The negatives...

1) APR is 23.90%!!! Not even a promotion rate.

2) There is an annual free of $69.00. But it is stretched over the year so it is $5.75 per month.

3) An enrollment fee of $69.00. Of course, one-time only fee.

4) It does not mean you will get a credit line of $1,000, but up to that amount. So the lowest credit line you can possibly receive from Credit One is $200.00. So if you do get $200, then your remaining credit would be $125.25 (b/c of the annual and enrollment fees).

Really, how can you build your credit on this card?

The card is more likely to wreck your credit score instead of improving it.

Fiscal News: National Debt Interest

With our national debt reaching almost $9.4 trillion, the federal budget's amount to pay the interest on that debt has passed $400 billion.

The interest expense paid on the National Debt is the third largest expense in the federal budget, right after Defense and Health and Human Services, HUD, and Agriculture.


Jon Stewart: Broken Arrow

I believe that for the rest of his term, Bush is not allowed to make any more speeches or statements regarding the nation's economy.

Housing Bubble

Falling Dollar hurting expats worldwide

American expats living in London, Paris, Tokyo, and other countries are getting slammed by the falling dollar. Another expected interest rate cut by the Fed won't help.

If you live in Tokyo, a year ago, one dollar could get you 116-117 yen. It even went above 120 yen back in July. Today, it is about 97-98 yen. A 16% decrease.

In Europe, it was 1.34 to every dollar. Today, it is 1.58. Dollar has lost 16%. If you compare two years ago, the dollar lost about 24%. Five years, the greenback lost almost 33%.

Even in Canada, their dollar has pretty much reached parity. Same goes for the Swiss Franc. Go to Australia, they are almost within parity. Five years ago, you could have fetch about 1.7 AU for every US dollar.

In Amsterdam, small currency outlets are refusing to sell dollars for local money because they cannot afford the buy/sell spreads. Tourists would have to go downtown, to the central station, or post office.

US Dollar Index

A possible 1-percent cut by the Fed will cause the dollar to fall again, and we may see another record low in the US Dollar Index.

In July 2001, the index hit a high of 119.61. Since then, it has lost about 40 PERCENT!

Can the Fed prevent a total collapse of the mortgage industry?

Sometimes, it is better to get a UK perspective.

Telegraph UK reported that the US Federal Reserve has accepted $200 billion of housing debt as collateral to prevent an implosion of the mortgage finance industry and head off a full-blown economic crisis.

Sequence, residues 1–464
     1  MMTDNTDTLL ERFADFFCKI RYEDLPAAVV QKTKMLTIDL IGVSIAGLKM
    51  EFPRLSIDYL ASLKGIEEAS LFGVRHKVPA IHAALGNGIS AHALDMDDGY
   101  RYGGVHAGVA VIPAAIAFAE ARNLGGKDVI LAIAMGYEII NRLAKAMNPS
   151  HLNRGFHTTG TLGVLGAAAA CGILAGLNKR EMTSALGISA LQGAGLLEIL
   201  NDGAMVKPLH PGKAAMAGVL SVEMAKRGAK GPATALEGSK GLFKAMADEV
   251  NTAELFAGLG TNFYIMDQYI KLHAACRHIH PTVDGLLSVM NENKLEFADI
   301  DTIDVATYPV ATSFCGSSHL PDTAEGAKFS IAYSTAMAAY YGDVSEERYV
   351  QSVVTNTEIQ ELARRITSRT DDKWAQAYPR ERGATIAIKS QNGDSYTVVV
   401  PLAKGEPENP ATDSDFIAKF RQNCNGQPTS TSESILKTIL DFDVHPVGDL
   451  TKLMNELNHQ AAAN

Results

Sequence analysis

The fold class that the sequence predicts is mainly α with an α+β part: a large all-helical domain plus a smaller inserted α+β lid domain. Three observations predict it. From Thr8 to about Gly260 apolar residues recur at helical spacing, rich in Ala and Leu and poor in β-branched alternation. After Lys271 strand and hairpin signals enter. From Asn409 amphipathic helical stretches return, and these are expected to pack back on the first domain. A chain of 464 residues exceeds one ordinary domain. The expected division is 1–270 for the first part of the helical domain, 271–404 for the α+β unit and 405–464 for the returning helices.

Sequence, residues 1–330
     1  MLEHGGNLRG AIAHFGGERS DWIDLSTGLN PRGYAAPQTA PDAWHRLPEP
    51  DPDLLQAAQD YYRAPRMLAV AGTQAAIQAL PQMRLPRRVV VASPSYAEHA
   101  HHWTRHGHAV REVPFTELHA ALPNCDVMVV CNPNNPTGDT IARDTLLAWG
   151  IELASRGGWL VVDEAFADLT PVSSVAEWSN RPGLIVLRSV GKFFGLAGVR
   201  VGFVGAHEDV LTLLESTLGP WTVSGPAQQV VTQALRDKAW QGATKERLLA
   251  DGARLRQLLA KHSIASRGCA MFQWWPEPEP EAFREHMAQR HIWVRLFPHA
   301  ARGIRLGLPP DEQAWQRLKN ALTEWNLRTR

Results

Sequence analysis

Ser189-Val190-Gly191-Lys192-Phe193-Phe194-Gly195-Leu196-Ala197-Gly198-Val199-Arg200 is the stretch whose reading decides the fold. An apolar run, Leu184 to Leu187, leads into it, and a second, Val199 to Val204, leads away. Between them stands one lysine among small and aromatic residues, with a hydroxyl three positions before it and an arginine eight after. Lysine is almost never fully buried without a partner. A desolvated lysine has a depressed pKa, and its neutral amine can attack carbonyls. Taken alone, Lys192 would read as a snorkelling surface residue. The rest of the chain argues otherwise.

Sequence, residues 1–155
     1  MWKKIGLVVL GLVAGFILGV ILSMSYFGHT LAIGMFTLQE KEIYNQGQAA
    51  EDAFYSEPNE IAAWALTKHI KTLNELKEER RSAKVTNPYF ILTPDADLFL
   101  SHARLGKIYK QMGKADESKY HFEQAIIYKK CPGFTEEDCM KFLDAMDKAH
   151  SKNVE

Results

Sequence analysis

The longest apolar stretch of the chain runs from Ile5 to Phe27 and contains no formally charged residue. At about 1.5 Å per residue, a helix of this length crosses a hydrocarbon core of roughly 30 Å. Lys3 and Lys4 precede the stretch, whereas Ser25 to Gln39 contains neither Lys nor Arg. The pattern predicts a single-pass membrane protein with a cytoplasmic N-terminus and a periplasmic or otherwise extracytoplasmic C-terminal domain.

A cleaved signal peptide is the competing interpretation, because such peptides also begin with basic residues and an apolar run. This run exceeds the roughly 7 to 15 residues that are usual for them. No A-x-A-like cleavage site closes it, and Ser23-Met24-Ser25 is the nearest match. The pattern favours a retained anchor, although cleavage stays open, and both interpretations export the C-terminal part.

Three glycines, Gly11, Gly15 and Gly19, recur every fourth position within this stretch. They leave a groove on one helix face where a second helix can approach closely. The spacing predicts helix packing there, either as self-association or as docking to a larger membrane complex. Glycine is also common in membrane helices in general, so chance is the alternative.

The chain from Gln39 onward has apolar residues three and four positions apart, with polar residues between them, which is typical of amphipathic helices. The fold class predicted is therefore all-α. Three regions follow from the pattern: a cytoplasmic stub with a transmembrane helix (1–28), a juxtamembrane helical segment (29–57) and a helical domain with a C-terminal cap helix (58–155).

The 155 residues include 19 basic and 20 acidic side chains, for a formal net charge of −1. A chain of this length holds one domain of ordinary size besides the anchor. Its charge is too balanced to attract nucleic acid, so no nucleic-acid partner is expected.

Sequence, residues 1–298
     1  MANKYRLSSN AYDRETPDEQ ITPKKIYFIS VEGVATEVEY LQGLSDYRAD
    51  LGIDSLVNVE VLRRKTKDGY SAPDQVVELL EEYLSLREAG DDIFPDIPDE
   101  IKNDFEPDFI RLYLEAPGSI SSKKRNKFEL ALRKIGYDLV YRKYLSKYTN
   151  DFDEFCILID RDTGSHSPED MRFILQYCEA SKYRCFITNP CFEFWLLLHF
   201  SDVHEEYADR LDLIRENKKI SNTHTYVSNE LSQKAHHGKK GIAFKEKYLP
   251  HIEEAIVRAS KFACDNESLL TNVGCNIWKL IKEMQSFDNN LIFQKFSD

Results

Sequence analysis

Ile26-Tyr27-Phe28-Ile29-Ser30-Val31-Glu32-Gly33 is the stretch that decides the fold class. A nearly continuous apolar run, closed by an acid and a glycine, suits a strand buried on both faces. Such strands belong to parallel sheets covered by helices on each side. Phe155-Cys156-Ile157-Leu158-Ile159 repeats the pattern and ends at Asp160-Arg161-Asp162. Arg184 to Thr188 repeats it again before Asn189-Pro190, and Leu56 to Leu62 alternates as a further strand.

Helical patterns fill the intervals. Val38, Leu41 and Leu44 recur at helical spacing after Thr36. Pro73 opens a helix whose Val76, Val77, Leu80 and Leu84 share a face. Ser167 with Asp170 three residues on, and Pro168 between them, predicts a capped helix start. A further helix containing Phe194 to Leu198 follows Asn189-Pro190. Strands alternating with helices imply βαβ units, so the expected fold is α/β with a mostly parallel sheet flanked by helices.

This came after an emergency conference call by the Fed governors on Monday night. It followed the melt-down of the US chartered agencies -- Fannie Mae, Freddie Mac, and other lenders -- which together guarantee 60 PERCENT of the entire US home loan market. Fannie Mae's share price has already fallen 19 percent in panic trading on Monday after Barron's suggested it may need a rescue package.

Keeping them solvent is a must since they wrap or insure $6 TRILLION in mortgages.

But is it going to be enough?

The Bank of England had to widen their range of eligible collateral. Even the ECB and the Swiss have boosted swap agreements with the Fed.

Will Fannie Mae and Freddie Mac have to be nationalized, as part of a huge government bailout?

After a 400+ point rally in the markets on the 11th, the rally has again fizzled out.

* * * * * * * * *

Of course, a March 2nd article by the Telegraph titled "The Federal Reserve's rescue has failed" showed even worse news. According to recent estimates, we are only halfway through the tsunami of rate resets on teaser loans.

UBS estimates the cost of the credit debacle to reach $600 billion. Some say it could even reach $1 trillion.

* * * * * *

Bear Stearns had to deny news that it was facing a cash shortage. CEO Alan Schwartz stated that they still have a $17 billion cash position. Shares went down 11 percent two days ago based on speculation that the firm, which is the second-biggest underwriter of mortgage-backed bonds after Lehman Brothers Holdings Inc., was running short of funds to cover liabilities.

Dollar Falls Below 100 Yen for the first time in 12 years

The dollar dipped below 100 yen for the first time in 12 years Thursday and hit record lows against the euro amid a growing consensus that synchronized efforts by central banks will not stop a deterioration in the U.S. economy.

Meanwhile, the euro exceeded $1.56 for the first time.

The British pound hit a 3-month high, reaching $2.0374.

Of course, the yen has bounced back above the 100 mark, trading at 100.16. The U.S. currency has never fell below 100 since November 1995.

Japan is now worried because the yen has risen 10 percent against the dollar and may hurt their economic growth.


Pay-Option Loan Risk plagues Countrywide

Blame the lender or blame the borrower?

Countrywide Financial Corp., the largest home loan provider, could see further trouble ahead with another risky slate of loans -- pay-option adjustable rate mortgages.

These pay-option loans give borrowers the option to make a lower payment but can result in the unpaid portion being added to the principal balance. In most cases, the borrower would just pay the interest, leaving the principal balance untouched. The objective of these borrowers were to capitalize on the housing boom to exact a substantial profit when they sell the home after a few years.